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Title: The effects of reward devaluation on cue-evoked modulation of sucrose seeking and neuronal ensemble plasticity in nucleus accumbens
Author: Sieburg, Meike Claudia
ISNI:       0000 0004 7967 4058
Awarding Body: University of Sussex
Current Institution: University of Sussex
Date of Award: 2019
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Animals must learn the relationship between food and the environmental cues that predict their availability for the successful procurement of nutrient sources. These cues can gain powerful control over food seeking, but these cue-evoked behaviours must remain flexible and updated upon changes in internal states such as the perceived desirability of food. Recalling these cue-food associations activate subsets of neurons termed 'neuronal ensembles' in motivationally relevant brain areas such as the striatum. However, how neuronal ensembles are recruited and physiologically modified following the update of these learned associations has not fully elucidated. To investigate this, we examined the effects of reward devaluation on ensemble plasticity at the levels of recruitment, excitability, and synaptic physiology in sucrose conditioned Fos-GFP mice that express green fluorescent protein (GFP) in recently activated neurons. Neuronal ensemble activation patterns and their physiology were examined using immunohistochemistry and ex vivo electrophysiology, respectively. First, devaluation via four days of ad libitum sucrose consumption, but not caloric satiation, attenuated the ability of the cue to evoke sucrose seeking. Thus, changes in the hedonic, incentive value of sucrose, and not caloric need drove cue-induced sucrose seeking. Also, devaluation attenuated the cue's ability to recruit a neuronal ensemble in nucleus accumbens (NAc), but not dorsal striatum. Next, devaluation prevented the cue from recruiting a hyper-excitable, GFP+ ensemble in the NAc, but did not alter the physiology of excitatory synapses on these GFP+ neurons. Our findings provide new insights into how updates in the hedonic value of sucrose critically modulates the flexibility of sucrose seeking and recruitment of ensembles with an altered excitability phenotype in the NAc shell.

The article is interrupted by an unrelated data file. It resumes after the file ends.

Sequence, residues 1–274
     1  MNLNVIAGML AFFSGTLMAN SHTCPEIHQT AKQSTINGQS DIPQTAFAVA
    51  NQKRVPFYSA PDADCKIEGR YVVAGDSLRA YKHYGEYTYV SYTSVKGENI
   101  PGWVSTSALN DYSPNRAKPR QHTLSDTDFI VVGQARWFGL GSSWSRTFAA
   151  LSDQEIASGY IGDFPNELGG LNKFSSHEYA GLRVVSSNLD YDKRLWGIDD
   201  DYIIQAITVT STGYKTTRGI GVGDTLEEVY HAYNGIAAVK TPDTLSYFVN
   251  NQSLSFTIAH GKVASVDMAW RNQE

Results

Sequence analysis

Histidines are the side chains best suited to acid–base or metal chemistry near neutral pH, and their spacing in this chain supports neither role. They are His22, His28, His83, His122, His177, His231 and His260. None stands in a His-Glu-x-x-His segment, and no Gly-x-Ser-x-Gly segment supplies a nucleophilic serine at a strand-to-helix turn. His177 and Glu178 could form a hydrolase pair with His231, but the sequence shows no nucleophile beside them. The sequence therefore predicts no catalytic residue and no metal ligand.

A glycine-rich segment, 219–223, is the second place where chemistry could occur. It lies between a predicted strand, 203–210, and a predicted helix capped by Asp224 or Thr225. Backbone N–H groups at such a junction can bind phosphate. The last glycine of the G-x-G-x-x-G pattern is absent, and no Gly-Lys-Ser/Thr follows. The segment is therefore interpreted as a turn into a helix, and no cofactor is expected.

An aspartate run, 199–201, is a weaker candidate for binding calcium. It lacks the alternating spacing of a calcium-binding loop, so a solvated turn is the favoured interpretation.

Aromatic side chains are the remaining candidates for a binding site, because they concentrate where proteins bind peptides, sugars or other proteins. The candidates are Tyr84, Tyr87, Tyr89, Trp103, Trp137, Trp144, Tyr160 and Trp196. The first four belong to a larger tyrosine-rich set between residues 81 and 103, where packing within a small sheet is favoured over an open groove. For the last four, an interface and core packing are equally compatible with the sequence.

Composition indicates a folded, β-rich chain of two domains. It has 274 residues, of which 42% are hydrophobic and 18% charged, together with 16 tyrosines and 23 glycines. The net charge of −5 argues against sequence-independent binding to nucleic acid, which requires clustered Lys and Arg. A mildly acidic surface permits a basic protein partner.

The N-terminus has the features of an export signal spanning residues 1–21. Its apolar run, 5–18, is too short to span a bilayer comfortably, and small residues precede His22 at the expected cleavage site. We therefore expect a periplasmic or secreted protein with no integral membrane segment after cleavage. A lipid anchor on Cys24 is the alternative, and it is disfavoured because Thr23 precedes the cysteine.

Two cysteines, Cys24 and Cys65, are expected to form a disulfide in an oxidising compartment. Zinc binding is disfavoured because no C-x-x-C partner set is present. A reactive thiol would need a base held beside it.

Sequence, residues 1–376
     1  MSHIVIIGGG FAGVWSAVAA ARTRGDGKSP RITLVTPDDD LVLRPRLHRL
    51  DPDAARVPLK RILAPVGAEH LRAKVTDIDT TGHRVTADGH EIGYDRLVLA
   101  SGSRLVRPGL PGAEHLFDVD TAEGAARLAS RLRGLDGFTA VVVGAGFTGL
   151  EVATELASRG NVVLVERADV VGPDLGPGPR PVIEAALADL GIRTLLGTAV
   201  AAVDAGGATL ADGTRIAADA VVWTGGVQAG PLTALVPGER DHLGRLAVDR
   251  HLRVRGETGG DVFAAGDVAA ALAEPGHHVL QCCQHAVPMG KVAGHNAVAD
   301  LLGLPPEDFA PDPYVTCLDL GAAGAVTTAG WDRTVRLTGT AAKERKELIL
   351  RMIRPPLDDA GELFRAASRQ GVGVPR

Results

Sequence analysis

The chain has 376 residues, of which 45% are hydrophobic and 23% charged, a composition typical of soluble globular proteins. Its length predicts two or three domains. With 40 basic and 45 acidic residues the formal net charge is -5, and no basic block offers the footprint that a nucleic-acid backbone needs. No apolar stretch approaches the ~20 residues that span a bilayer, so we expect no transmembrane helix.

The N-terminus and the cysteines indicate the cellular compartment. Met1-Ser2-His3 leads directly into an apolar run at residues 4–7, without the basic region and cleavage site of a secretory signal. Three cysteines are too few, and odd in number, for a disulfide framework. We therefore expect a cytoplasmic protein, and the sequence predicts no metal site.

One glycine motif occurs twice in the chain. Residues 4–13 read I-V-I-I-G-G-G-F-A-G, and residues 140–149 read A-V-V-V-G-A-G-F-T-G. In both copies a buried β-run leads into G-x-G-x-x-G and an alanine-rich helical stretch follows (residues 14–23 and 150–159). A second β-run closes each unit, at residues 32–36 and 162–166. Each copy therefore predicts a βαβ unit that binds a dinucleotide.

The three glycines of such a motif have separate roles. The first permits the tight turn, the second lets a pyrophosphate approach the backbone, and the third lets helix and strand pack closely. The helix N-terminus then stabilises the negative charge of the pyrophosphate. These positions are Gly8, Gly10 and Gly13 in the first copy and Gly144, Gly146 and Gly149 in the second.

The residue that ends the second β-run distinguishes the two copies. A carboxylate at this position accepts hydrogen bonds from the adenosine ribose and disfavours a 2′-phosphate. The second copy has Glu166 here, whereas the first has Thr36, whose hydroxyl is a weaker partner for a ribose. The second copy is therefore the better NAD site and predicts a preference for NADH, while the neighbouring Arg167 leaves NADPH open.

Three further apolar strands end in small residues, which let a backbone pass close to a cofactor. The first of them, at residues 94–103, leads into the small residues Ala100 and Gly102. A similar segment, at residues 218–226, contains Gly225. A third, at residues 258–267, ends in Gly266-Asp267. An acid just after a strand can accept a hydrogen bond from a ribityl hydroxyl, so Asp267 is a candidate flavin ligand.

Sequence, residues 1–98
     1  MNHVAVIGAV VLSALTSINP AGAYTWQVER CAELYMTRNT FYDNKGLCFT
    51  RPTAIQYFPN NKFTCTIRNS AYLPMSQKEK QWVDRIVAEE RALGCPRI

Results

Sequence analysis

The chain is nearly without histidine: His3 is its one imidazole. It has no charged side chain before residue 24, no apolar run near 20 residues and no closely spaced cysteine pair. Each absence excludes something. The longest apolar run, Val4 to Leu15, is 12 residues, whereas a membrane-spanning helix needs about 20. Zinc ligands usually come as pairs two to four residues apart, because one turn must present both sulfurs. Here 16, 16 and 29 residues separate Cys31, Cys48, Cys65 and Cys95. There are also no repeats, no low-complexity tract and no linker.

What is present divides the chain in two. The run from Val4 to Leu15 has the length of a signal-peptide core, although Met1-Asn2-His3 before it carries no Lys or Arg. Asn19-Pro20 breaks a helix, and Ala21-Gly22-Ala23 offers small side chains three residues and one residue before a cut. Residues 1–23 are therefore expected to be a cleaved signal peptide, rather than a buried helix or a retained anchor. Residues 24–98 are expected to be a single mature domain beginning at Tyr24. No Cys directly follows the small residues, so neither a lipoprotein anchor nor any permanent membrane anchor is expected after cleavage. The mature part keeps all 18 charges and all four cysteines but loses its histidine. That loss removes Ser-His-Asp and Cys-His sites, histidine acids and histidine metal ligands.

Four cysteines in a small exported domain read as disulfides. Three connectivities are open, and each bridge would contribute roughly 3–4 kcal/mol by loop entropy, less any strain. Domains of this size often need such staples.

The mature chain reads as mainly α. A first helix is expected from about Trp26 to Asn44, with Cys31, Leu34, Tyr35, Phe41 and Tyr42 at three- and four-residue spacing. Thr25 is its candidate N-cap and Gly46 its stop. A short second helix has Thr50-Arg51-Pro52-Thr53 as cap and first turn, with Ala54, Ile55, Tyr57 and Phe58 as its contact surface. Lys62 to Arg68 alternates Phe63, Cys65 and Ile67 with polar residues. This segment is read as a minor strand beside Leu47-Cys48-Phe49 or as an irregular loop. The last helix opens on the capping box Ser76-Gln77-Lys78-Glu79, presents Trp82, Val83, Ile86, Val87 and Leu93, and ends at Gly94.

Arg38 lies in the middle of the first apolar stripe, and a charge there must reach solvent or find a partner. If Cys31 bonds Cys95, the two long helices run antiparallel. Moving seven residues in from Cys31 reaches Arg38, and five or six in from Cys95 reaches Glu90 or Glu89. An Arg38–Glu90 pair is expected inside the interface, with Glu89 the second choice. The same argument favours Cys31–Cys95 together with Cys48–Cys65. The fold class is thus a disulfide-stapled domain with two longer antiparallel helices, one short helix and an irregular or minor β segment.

Supervisor: Not available Sponsor: Not available
Qualification Name: Thesis (Ph.D.) Qualification Level: Doctoral
EThOS ID:  DOI: Not available
Keywords: QL0756.5 Food ; QP0501 Animal biochemistry